Drones

2017 – The year of the commercial drone

Consumer drone hype is followed by the victory of the multicopters in the economy. Their abilities are growing as quickly as their areas of use.

28 Feb. 2017
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They find the victims of earthquakes, fight fires, inspect damage in agriculture, and take inventory in forest areas. Drones are entering more and more areas of use. A forecast from PricewaterhouseCoopers LLP suggests that the global market for commercial drones may reach a value of 115 million euros by 2020. These expectations are also shared by large concerns, as is shown by the drone activities of Amazon, DHL, and Airbus.

Intel is relying on unmanned flight models. Two German drone manufacturers (MAVinci & Ascending Technologies) have been purchased by the chip giant in the last few months. MAVinci from St. Leon-Rot produces surveying drones and their software. The Bavarian multi-rotor drone specialist Ascending Technologies (AscTec) is strongly represented in oil, gas, and energy management. Together with Intel, AscTec last developed the Falcon 8+ quadrocopter. Matthias Beldzik, manager at Intel Germany, considers the drones "virtually flying computers that are smart and networked, and follow Moore’s law." This means that their abilities must continue to become more diverse, while they must continue to become smaller. "Drones therefore will be one of the great computing platforms of the future and will open up entirely new areas of innovation," says Beldzik in an interview with Gründerszene.de. "The year 2016 was the year of the consumer drone," Intel's manager says. "In the future we will see more being developed in the area of the commercial drones."

Gigantic business potential

"Drones and unmanned systems on land and water have huge business potential," confirms Oliver Frese, director of Deutsche Messe AG. As a result, CeBIT is clearly expanding this subject field. "After the successful premiere in 2016, we created a top international event for technologies and solutions around unmanned systems with a focus on Unmanned systems and solutions ," explains the trade-fair organizer. About 100,000 visitors were interested in the offer in 2016. "Unmanned Systems & Solutions will be a visitor magnet in 2017 as well," Oliver Frese expects. The CeBIT focus in hall 17 consists of an exhibition, a flight show, and a conference. The focus is on business applications that currently stretch from logistics and measuring technology to agriculture and forestry, through the police and fire brigade, to trade and medicine. Potential future fields for the conference are the Internet of Things, big data applications, communication and infrastructure solutions, as well as research and development.

Chinese manufacturer Yuneec (hall 17, stand A54) is mostly looking at the field of emergency rescue as its main market. The company has made a name for itself with remote-controlled model airplanes and ultra-lightweight airplanes in the last 15 years. By now, its camera-equipped quadrocopters help the fire brigade, emergency squads, coast guards, and police forces to obtain an overview and overcome obstacles. Yuneec’s "Typhoon H" is deemed one of the best flying robots. It recognizes obstacles and can evade them independently.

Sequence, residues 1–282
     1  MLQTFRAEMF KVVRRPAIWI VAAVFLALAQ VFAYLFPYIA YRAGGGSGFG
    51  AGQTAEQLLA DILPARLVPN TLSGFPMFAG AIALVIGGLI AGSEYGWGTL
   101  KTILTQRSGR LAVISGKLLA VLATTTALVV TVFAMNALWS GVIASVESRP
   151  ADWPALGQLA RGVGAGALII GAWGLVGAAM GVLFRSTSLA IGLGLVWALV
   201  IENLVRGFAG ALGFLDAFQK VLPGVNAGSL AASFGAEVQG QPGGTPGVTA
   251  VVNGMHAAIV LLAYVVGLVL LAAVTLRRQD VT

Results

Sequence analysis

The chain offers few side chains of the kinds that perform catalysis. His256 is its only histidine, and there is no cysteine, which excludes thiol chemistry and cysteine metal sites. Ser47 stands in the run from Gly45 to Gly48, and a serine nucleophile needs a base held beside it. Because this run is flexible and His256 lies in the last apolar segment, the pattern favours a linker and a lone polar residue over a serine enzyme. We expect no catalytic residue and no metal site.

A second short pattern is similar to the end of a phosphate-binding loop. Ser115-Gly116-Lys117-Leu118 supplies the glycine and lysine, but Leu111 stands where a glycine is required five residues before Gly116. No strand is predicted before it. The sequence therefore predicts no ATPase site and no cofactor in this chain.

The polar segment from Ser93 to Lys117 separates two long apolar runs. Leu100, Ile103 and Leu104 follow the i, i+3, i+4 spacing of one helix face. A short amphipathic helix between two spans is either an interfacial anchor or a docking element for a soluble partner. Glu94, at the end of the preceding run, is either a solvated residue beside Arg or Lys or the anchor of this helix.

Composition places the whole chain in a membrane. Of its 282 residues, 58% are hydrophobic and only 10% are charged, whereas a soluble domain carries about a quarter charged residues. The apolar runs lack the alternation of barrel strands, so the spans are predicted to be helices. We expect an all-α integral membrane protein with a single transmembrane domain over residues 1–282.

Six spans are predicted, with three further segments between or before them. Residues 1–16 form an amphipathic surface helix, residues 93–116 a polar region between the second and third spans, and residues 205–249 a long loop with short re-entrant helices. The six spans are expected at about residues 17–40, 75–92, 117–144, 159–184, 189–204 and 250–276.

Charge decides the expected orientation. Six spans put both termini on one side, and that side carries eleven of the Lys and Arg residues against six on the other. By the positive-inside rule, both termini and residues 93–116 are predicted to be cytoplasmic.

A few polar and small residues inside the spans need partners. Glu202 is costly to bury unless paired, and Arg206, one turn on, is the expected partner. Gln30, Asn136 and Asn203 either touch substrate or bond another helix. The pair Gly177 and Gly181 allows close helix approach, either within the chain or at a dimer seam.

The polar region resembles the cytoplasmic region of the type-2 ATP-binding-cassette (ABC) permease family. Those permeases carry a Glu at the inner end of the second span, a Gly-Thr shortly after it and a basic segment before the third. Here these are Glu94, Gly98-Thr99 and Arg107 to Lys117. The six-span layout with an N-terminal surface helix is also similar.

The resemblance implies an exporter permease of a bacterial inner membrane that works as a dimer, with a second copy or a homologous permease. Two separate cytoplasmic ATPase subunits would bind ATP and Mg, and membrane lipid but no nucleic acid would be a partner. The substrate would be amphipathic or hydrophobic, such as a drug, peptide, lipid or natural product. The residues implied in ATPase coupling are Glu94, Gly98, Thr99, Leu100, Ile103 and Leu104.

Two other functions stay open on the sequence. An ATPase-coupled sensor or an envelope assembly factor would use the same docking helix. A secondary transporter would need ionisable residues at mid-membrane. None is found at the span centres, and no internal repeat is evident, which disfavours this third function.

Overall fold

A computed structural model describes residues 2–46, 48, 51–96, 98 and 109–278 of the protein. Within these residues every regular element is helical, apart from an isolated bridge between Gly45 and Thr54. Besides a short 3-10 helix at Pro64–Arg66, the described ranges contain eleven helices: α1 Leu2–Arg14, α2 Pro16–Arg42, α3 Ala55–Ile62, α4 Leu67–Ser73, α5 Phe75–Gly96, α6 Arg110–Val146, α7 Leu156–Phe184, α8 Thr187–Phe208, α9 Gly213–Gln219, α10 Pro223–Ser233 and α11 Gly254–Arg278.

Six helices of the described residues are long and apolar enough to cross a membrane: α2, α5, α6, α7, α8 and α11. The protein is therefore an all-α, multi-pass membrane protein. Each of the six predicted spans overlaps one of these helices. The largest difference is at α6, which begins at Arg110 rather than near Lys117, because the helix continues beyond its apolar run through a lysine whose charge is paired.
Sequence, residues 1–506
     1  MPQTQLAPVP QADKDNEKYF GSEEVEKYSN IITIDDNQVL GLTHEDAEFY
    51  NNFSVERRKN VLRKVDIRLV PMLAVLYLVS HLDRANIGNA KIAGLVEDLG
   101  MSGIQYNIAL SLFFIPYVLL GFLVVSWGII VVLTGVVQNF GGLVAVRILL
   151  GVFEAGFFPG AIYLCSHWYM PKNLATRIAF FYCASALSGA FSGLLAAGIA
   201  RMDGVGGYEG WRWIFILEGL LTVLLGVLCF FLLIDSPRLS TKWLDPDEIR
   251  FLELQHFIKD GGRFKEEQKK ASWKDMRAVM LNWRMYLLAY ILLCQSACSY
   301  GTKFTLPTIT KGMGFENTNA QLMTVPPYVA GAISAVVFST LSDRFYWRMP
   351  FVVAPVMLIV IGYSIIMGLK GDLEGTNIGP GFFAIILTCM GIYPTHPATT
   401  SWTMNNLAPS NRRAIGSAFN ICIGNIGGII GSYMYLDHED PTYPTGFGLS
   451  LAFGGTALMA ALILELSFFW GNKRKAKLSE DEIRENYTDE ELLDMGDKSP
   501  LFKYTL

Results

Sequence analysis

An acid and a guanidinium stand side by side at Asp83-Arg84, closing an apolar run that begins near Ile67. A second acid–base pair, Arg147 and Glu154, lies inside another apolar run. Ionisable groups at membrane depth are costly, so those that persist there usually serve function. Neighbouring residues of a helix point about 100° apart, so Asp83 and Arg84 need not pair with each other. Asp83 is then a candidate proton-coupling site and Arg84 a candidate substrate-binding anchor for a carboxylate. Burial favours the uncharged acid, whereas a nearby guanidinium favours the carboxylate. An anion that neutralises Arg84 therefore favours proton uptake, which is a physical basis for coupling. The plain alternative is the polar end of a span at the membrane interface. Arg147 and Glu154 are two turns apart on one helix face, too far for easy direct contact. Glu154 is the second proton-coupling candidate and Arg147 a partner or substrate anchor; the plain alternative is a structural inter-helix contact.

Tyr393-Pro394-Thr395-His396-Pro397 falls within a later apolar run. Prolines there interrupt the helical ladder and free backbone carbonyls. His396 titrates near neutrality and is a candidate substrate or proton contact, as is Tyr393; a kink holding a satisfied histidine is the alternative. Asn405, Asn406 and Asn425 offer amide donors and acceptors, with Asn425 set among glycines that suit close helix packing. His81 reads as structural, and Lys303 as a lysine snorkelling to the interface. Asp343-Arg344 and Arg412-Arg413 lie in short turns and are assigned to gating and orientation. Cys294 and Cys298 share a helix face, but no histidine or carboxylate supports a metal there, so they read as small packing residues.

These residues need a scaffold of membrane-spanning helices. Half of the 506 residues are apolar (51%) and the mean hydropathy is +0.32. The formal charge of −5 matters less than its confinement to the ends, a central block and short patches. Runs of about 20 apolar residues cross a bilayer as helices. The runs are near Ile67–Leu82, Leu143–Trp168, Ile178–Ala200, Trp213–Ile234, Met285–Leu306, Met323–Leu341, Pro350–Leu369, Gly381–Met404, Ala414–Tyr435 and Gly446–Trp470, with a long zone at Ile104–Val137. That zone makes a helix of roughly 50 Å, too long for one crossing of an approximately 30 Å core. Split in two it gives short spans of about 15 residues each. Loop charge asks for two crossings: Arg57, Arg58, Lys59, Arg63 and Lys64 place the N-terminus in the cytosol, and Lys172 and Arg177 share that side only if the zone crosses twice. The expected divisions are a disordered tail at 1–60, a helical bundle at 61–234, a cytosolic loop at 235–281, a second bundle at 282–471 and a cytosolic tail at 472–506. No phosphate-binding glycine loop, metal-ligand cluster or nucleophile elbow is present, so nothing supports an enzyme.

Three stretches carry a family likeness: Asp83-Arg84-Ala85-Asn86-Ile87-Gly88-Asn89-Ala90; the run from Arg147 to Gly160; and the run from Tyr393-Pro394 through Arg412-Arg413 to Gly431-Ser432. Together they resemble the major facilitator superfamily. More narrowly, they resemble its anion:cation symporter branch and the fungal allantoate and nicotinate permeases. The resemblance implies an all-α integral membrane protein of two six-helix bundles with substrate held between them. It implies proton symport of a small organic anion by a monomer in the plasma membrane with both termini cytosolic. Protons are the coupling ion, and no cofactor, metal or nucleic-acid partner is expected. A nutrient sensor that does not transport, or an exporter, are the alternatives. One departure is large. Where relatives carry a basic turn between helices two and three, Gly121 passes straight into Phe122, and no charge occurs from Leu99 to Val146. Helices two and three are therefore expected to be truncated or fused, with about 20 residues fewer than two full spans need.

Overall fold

Developing tomorrow's markets

Globe UAV GmbH (hall 17, stand E26) from Delbrück does not use a classic remote control for its GUAV8 drone, but computer, keyboard, mouse, and the cell phone network. Within an operating radius of 30 km and a flight time of up to 60 minutes, the drone supplies aerial views and environmental data in real time. One example of effective work with the system would enable the operator, among others, to transfer video data to other mobile end devices (e.g., during police action).

With its night vision function, the drone can also be used in the dark – e.g., to observe or to track. The police forces thus acquire an additional tool for following perpetrators. The thermal imaging camera can also help to recognize defective solar panels and wind turbines that have run hot, or to find missing persons.

Globe UAV drones can also be used for the maintenance of industrial facilities, pipelines, and power lines, along with forestry and agricultural areas.
Spectair (hall 17, C08) considers itself a "pioneer in the flying robot industry." Since 2012, the service provider from Meerbusch has supported customers with project planning through to the professional control of drones and the preparation of raw data from aerial recordings. Spectair offers sensor and camera technology for the purpose of inspection, mapping, and surveying, for vegetation and environmental monitoring, and for film and photo productions. Spectair’s target is to become "the globally leading provider of drone services" and a market leader in the training of professional drone pilots.

In addition to flight units in action, hall 17 will also present solutions for the development and operation of unmanned systems. The young Hamburg company Kleenex (partner of BUVUS for the conference; C08) provides one example for this. It develops professional air control and UAV management software that it combines with interactive tools "in order to develop the online markets of tomorrow." The "Pixhawk," for example, is an autopilot system developed by the PX4 Open Hardware project. Produced by 3D Robotics, the Pixhawk has the latest processor and sensor technology by ST Microelectronics® and a NuttX real-time operating system for the control of autonomous vehicles. At CeBIT, Kleenex will present some first-use cases in the thermography of photovoltaic systems, power plant inspection, or the mapping of industrial areas.

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